This program does nothing else but get you a webpage an prints it to stdout. I first called it webget, but jfriedl@omron.co.jp wrote a perl-program with the same name and more functionality. So I Added an S for Slim.

It was created as part of a shell-script that downloads some daily comics of the net, but that's long gone now. I first used webcopy, but this one caused in my opinion too much load for getting just one page, so I downloaded myself a template for a tcp connection (I think it was called gnu-finger 1.37 ;-) and modified it (mainly stripped it down) to fit my needs. Later a bug was fixed (it was first running only under solaris, because of getservbynumber), two features were added (size check and additional header lines).

And now it's open to the public, in case anyone might have a use for it.


SWebget Documentation

SWebget is a simple program that prints a webpage to stdout. It was meant to be ultra lightweight, so don't look for any (unnecessary) features here.

The syntax is: SWebget <request-string> <host> (port) (additional header lines)

request-string: is the page to be gotten on the server (NOT the url, at least not in a direct connection)
host: the web host from where to get the page from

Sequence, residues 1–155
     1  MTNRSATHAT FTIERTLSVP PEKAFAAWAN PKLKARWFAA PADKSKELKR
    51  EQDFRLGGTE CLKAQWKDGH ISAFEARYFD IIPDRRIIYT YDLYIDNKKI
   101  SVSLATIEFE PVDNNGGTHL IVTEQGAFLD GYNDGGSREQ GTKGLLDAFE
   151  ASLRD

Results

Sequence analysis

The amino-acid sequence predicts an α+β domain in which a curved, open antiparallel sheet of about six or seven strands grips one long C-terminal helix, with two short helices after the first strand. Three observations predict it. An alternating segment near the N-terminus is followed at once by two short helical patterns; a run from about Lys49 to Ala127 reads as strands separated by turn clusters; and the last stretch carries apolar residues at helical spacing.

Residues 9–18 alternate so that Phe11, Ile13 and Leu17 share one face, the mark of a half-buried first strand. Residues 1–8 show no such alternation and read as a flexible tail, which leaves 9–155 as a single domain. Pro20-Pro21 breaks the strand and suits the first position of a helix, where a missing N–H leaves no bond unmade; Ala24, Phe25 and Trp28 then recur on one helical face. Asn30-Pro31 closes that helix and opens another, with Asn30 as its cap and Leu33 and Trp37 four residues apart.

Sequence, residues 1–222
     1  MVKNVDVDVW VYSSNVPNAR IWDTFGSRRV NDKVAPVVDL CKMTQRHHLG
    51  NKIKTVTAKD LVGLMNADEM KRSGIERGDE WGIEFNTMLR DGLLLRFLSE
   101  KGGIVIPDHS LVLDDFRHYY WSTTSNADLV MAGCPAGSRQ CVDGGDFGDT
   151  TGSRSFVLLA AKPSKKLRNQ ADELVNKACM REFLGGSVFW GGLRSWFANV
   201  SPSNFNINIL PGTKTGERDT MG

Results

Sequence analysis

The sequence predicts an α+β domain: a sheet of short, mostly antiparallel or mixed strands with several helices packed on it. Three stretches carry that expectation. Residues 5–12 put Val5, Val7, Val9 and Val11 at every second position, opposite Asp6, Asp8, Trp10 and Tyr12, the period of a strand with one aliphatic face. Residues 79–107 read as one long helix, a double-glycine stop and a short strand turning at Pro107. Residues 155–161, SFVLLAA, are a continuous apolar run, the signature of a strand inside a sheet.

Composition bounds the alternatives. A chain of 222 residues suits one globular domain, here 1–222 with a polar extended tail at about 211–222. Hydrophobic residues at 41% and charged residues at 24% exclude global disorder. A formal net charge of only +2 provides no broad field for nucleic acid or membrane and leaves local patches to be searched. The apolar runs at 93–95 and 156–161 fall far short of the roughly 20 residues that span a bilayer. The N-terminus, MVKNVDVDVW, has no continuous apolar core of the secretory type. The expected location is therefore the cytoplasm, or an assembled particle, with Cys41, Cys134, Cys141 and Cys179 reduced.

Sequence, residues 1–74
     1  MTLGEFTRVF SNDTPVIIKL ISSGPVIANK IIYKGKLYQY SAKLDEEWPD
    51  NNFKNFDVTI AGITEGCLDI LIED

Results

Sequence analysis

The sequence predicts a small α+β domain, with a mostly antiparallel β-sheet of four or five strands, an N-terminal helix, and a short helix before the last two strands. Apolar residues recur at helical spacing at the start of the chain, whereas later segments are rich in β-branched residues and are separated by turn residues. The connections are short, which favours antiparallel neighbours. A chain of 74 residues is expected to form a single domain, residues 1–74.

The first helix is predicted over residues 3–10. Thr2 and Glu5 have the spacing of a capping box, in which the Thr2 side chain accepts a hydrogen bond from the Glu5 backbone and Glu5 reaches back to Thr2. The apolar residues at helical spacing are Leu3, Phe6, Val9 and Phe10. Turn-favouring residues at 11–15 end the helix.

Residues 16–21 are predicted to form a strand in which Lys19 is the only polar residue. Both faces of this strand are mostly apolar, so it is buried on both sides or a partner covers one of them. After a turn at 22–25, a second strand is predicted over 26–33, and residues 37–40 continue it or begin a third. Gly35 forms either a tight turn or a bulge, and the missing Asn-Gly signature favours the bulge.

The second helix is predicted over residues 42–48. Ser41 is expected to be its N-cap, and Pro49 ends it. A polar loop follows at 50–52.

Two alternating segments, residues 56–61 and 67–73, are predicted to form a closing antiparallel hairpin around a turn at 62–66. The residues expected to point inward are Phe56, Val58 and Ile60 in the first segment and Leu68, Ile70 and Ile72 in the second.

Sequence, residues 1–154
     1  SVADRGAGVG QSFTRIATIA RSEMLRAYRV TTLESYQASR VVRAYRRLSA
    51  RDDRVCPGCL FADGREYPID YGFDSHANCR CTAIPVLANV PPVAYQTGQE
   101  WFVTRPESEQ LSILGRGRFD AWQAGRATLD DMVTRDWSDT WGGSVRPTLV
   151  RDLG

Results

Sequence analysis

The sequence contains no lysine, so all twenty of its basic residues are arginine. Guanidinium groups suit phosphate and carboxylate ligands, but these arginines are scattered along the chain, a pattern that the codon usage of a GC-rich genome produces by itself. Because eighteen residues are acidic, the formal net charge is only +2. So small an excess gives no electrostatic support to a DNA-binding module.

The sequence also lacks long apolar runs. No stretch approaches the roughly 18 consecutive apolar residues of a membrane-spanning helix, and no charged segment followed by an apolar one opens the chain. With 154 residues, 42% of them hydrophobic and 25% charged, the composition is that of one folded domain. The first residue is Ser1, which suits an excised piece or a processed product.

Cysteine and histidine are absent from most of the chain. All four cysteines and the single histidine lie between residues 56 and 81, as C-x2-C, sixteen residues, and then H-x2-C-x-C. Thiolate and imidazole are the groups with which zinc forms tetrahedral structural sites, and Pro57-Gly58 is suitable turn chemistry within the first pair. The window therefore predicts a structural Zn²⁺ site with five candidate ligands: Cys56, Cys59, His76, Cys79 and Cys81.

port: guess (default: 80)
additional header lines: for http-experts ;-) ... explaned later.

get the url http://www.uni-hildesheim.de/~smol0075/swebget/ directly
$ swebget  /~smol0075/swebget/  www.uni-hildesheim.de
as you can easily see, you'll have to split the url yourself into host and path.
get the same url with a proxy server named proxy.my.org at port 8080
$ swebget http://www.uni-hildesheim.de/~smol0075/swebget/ proxy.my.org 8080
see: when you use a proxy server, you can enter a normal url.

What it does:

  1. It opens a connection to <host> at port <port>
    (just like telnet <host> <port>)
  2. It sends the request header
    (GET <request-string> HTTP/1.0)
  3. It sends the additional header lines
  4. It ends the request header
  5. It gets the response header and dumps it, except for "Content-Length:"
  6. It gets the response data and prints them to stdout.
  7. After getting and printing the data, it ends.
  8. If a "Content Length:" was given and the gotten data is smaller it will return with an exit code of 42, else 0.

What it does EXACTLY:

I don't know. [ Well, I didn't know back then in 1998. Now I'm wiser ;-) ] I just "borrowed" the code from the gnu finger an adopted it to my needs. Later one bug was fixed looking at the source of lynx. Somehow it does work. Why should I know? It's not part of my plan for world domination. This will be services manager, coming soon.

This program has intentionally no version number, since I hope there will be no other release needed.

If you wanna drop me a line what kind of bullshit this peace of code is, feel free: svolli@svolli.de.

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